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J Vasc Interv Radiol. 2012 May;23(5):604-12. doi: 10.1016/j.jvir.2012.01.075. Epub 2012 Mar 27.

Radiologically placed tunneled hemodialysis catheters: a single pediatric institutional experience of 120 patients.

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  • 1Department of Radiology, Children's Hospital of Philadelphia, University of Pennsylvania, Philadelphia 19104, USA.



To report the outcome of tunneled dialysis catheter insertion in 120 patients.


A retrospective review of the interventional radiology database and electronic medical records of 120 patients who had tunneled dialysis catheters inserted from April 1997 to July 2010 was performed with institutional review board approval. There were 61 female patients and 59 male patients, with a mean age of 13.3 years (range, 0.2-28.5 y). A total of 193 primary insertions and 330 salvage procedures were performed.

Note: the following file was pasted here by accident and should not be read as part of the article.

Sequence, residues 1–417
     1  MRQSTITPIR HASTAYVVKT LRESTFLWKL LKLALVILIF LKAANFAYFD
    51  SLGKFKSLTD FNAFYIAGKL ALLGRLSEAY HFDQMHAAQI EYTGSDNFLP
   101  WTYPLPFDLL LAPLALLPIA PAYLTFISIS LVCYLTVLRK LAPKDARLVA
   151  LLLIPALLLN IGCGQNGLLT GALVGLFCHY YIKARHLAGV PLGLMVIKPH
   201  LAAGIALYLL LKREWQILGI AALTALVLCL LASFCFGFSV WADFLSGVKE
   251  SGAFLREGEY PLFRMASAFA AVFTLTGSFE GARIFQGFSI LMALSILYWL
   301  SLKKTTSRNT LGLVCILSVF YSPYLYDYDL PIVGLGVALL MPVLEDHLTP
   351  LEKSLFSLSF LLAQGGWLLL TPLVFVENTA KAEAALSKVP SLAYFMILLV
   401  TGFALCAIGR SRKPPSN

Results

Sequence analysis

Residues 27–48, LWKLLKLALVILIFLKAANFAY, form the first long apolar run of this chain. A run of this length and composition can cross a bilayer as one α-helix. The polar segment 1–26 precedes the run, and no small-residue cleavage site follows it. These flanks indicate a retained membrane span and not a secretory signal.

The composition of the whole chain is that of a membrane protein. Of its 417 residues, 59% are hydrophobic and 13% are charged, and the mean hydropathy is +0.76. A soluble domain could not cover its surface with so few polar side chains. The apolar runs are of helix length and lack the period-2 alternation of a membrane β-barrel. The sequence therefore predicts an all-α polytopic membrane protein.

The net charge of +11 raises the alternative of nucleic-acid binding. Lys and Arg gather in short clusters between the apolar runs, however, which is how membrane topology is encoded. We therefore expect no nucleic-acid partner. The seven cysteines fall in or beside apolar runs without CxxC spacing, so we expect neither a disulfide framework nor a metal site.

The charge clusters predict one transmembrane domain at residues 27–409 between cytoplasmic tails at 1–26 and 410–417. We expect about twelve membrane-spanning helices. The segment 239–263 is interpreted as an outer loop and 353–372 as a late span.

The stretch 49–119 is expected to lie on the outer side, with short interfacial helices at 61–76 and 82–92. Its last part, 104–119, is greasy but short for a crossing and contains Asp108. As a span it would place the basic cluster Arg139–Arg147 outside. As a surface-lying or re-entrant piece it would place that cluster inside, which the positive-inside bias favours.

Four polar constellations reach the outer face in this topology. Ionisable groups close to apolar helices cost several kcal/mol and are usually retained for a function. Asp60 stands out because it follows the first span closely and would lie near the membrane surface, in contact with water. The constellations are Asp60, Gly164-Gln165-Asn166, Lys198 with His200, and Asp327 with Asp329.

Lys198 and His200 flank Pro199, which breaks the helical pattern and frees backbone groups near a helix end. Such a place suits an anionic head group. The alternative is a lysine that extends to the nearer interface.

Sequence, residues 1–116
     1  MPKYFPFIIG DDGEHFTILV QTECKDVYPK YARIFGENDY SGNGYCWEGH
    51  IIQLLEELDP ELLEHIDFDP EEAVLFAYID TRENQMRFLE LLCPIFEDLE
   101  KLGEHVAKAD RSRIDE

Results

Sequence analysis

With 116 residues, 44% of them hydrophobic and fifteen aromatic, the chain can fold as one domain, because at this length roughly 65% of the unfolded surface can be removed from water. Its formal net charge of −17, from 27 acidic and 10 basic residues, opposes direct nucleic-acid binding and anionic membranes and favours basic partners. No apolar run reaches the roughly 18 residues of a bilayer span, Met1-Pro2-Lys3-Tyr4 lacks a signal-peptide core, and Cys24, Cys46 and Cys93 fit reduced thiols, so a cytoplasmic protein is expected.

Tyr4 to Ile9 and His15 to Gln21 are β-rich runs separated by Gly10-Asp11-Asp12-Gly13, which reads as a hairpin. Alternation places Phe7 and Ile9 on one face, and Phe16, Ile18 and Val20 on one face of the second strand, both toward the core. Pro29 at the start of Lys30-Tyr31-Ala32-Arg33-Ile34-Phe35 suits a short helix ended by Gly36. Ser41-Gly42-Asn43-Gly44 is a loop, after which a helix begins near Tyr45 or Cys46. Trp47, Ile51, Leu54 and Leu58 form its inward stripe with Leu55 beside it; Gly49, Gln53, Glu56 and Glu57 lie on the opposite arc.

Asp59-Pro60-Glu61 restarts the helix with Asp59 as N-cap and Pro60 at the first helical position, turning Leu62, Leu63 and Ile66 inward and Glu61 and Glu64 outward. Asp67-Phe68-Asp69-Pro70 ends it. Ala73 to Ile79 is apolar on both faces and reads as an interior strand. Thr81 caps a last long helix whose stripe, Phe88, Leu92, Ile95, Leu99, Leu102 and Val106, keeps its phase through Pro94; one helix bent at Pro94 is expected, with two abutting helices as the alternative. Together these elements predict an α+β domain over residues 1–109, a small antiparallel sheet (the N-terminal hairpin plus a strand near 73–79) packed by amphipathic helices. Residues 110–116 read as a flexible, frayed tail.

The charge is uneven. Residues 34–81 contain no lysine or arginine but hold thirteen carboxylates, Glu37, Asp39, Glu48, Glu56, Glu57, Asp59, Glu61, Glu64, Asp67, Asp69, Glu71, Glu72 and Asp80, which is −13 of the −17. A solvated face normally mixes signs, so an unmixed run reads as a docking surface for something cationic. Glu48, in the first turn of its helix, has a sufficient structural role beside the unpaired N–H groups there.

The technical success rate for primary catheter insertions was 100%. Immediate complications included self-limiting tract bleeding and air embolism in two of 193 insertions each (1.03%). Mean indwell duration for primary insertions was 66 catheter-days (range, 1-765 d), compared with a total mean of 159.4 catheter-days (range, 1-1,034 d). Rates of infection and mechanical complications were 0.21 and 0.9 per 100 total catheter-days, respectively. Mechanical and infections complications were increased in children younger than 9 years of age and weighing less than 20 kg. The catheter removal rates for infection and mechanical complications were 0.084 and 0.081 per 100 catheter-days, respectively. Medical salvage procedures, ie, intracatheter thrombolytic agent use or antibiotic therapy (52.1%) and interventional radiologic catheter salvage procedures (47.1%), increased catheter survival by an average of 54.8 days (range, 0-959 d).


Radiologic placement of tunneled hemodialysis catheters is a safe and technically successful procedure in pediatric patients. However, there is a high rate of infectious and mechanical complications, particularly in younger and smaller patients.

Copyright © 2012 SIR. Published by Elsevier Inc. All rights reserved.

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